Finance Globe

U.S. financial and economic topics from several finance writers.
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Loan Delinquencies on the Rise

The nation's economic troubles are taking its toll on consumers carrying too much debt - delinquencies are rising among many types of consumer credit accounts, as reported by the American Bankers Association (ABA) for the third quarter of 2008. Delinquencies are counted as accounts that are over thirty days past the payment due date.

The ABA tracks eight types of non-revolving, closed-end installment loans - home-equity line-of-credit (HELOC), property improvement loans, direct and indirect auto loans, loans for boats, RVs, mobile homes, and personal loans. The overall delinquency rate for accounts in these categories rose to 2.9% - the highest rate since 1980. First mortgages are not included in these numbers.

Some homeowners who cashed in on their home's equity to finance extravagant purchases are also having serious problems. The ABA says that HELOC delinquencies are at their highest rate ever at 1.15%.

Delinquencies have also hit a record level in the category of indirect auto loans - loans arranged by a third party like the auto dealer rather than directly through a bank - are also at a record level at 3.25%. The ABA says that 90% of all auto loans are indirect auto loans.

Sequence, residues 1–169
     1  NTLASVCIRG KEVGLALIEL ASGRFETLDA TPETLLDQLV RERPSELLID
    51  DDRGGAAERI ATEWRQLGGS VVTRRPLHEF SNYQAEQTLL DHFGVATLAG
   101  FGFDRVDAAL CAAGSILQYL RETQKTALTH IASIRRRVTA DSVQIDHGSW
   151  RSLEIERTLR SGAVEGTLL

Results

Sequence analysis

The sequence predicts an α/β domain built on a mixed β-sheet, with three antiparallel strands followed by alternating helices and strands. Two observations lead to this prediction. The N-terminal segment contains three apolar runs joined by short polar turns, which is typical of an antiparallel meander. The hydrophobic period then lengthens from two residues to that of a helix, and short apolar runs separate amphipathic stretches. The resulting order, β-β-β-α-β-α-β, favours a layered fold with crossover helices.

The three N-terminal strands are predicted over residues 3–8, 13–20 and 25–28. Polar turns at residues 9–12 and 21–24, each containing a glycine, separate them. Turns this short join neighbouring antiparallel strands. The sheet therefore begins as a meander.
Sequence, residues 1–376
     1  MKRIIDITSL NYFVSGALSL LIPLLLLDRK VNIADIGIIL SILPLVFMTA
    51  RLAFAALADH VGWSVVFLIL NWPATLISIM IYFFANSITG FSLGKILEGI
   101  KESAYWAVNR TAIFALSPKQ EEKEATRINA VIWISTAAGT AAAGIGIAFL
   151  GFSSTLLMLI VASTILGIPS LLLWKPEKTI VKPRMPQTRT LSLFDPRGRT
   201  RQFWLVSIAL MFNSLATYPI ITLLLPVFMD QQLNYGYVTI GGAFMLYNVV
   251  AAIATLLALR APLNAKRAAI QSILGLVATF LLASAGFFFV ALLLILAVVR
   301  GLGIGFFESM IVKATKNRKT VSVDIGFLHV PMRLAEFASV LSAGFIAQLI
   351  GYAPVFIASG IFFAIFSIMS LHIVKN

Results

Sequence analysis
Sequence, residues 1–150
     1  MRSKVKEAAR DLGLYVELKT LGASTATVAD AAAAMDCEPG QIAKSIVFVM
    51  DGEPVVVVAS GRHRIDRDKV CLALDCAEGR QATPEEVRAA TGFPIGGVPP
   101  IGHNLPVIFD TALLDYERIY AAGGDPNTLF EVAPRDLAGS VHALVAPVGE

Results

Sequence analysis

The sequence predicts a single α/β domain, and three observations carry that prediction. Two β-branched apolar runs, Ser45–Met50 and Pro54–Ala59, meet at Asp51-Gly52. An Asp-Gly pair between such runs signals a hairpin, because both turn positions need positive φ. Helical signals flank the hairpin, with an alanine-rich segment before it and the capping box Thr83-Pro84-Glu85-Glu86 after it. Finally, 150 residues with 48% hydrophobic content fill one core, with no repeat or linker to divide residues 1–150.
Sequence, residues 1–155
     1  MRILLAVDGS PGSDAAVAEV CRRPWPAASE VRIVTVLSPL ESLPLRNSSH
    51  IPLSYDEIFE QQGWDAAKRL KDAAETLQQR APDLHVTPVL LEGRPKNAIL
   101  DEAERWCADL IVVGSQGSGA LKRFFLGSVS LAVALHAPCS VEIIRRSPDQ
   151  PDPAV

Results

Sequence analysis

ABA Chief Economist James Chessen said the figures show a continued weakening of the U.S. economy. "The number one factor in rising consumer credit delinquencies is job losses. With one million jobs lost in the first three quarters and two and a half million expected for the year, delinquencies of all types of consumer loans will likely increase in the coming quarters," Chessen said.

While most types of loans experienced a higher rate of delinquencies, two types had lower delinquency rates. Direct auto loans - loans arranged directly through the bank - have a slightly lower delinquency rate, dipping from 1.77% to 1.71%.

The ABA reported that credit card delinquencies also fell, now down to 4.2% of all accounts.

"While some people are relying on credit cards to meet daily expenses like food and gas, many are being careful not to add new debt. Reducing debt and building up cash reserves are good strategies right now. If you're under financial stress, credit cards can be a bridge to meet daily expenses. And, unlike other loans with fixed payments, credit cards let you adjust monthly payment amounts. This flexibility is certainly helping people manage debt better during this difficult economic period," Chessen said.

Source:
American Bankers Association
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Sunday, 20 October 2019

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